[Marxism] Ireland: Civil war, counter-revolution and the consolidation of the Free State

Philip Ferguson philipferguson8 at gmail.com
Wed Nov 13 01:57:01 MST 2019

In the previous chapter we saw how the pan-nationalist front for national
independence came apart at the end of 1921.  The southern nationalist
bourgeoisie, the old Unionist elite, the Catholic Church hierarchy and
sections of the middle class who aspired to become capitalists supported
the Treaty because it gave them what they wanted – an Irish state over
which they had a substantial degree of control.   (In the case of a section
of the old Unionist elite,  Although it was less than what they hoped for –
many of them would have preferred not to have partition – it was a far
better option than continued struggle with Britain.  Prolonged struggle
tended to undermine the old order and throw into question even new
nationalist sources of authority when these were used to uphold the old
order – such as republican courts and police which sided with Unionist
landowners against pro-republican small farmers and agricultural
labourers.  Workers had mobilised around the political issue of
independence and undertaken increasingly militant struggles around economic
issues.  While workers’ struggles around these latter issues tended to be
localised and spontaneous, the widespread seizures of workplaces
nevertheless by their very nature raised, in at least an embryonic form,
the question of what a truly free Ireland might look like.  In particular,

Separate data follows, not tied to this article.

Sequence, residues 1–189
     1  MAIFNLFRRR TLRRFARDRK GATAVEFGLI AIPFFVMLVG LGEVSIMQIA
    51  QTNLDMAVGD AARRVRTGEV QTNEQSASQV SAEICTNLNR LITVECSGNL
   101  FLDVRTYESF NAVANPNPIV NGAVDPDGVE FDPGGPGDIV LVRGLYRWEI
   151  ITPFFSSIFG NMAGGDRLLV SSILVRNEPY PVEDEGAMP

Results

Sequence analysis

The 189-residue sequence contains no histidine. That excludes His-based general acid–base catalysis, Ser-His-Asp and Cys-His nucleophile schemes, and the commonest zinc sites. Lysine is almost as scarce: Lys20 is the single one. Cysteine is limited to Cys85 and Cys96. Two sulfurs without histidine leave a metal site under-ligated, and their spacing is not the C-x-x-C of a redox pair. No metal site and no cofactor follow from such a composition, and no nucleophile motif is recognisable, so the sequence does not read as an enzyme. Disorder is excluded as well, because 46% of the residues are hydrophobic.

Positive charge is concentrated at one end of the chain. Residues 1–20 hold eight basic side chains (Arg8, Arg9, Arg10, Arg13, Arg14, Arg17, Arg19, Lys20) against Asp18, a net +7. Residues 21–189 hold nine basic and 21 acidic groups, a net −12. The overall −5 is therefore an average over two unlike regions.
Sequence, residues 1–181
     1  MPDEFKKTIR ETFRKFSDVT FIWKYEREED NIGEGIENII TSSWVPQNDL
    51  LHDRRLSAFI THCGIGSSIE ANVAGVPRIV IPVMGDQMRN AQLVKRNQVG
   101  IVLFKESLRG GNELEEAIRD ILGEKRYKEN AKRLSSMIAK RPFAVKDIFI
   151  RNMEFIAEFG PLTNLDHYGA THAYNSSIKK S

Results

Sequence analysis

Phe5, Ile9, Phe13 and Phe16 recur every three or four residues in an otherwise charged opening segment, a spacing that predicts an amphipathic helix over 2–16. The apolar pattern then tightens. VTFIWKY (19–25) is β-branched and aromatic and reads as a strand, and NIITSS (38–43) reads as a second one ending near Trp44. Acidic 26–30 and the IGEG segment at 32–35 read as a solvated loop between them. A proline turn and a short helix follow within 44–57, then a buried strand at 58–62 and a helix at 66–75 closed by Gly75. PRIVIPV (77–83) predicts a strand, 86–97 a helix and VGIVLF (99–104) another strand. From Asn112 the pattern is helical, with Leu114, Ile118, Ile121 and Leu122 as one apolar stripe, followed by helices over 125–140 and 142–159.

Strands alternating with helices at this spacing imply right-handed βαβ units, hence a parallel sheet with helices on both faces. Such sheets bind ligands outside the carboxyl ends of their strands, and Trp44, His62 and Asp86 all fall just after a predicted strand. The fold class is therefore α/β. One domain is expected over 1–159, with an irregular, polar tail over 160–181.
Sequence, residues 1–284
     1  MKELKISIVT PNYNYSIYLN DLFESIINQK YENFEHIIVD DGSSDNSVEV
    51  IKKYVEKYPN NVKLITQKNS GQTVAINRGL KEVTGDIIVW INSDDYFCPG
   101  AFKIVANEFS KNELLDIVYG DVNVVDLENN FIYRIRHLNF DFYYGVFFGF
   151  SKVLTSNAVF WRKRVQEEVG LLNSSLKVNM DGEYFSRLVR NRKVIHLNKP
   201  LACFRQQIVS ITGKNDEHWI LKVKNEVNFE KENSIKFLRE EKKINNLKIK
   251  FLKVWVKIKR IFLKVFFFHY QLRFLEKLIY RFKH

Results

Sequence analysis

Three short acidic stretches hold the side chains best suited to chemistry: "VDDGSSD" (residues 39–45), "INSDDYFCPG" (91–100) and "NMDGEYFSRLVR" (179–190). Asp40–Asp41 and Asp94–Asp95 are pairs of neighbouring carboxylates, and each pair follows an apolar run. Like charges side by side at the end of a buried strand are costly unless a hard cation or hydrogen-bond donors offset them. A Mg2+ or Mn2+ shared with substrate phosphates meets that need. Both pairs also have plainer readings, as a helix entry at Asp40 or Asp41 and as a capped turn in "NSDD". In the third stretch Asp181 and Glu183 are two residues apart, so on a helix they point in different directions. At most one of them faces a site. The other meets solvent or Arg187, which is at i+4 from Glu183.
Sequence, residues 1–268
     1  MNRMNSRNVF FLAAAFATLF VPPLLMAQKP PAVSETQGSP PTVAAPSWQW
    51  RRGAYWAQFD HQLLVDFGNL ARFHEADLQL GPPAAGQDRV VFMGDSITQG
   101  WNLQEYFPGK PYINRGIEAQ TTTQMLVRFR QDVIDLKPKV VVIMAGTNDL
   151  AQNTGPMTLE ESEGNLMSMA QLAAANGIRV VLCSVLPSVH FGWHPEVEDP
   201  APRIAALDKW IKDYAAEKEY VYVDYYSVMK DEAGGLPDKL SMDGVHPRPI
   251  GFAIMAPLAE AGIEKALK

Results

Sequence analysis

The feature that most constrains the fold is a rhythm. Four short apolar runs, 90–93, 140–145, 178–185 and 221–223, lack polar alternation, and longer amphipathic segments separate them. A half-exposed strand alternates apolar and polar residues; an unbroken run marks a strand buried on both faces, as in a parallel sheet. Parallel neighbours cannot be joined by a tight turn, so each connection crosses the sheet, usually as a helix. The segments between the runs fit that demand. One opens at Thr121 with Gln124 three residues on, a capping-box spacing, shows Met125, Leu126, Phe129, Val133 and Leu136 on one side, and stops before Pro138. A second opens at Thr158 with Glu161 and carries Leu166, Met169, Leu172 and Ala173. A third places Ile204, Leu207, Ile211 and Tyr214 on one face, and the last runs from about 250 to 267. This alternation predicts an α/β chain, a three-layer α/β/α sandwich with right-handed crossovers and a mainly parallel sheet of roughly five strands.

they raised the issue of which class or classes would rule the new Ireland
which was emerging during the war for independence.

In June 1922 the Third International, which had maintained a great deal of
interest in Ireland and which had been kept informed of events by both
British and Irish revolutionaries – amongst them James Connolly’s young
son, Roddy – issued a statement declaring:  “After all the efforts to
maintain its domination by force of arms had been frustrated by the heroic,
self-sacrificing defence of the Irish people, it was obliged to come to an
understanding with the Irish bourgeoisie.  For the semblance of an
independent Irish Free State the representatives of the Irish capitalists –
Collins, Griffith and co – sacrificed the fruits of a long and successful
struggle, and received in return as a Judas reward, the right to exploit
the Irish workers together with the British bourgeoisie.”[1]

It is my contention that this is a fundamentally correct statement of what
happened in Ireland with the adoption of the Treaty and the establishment
of the Free State. . .

full at:


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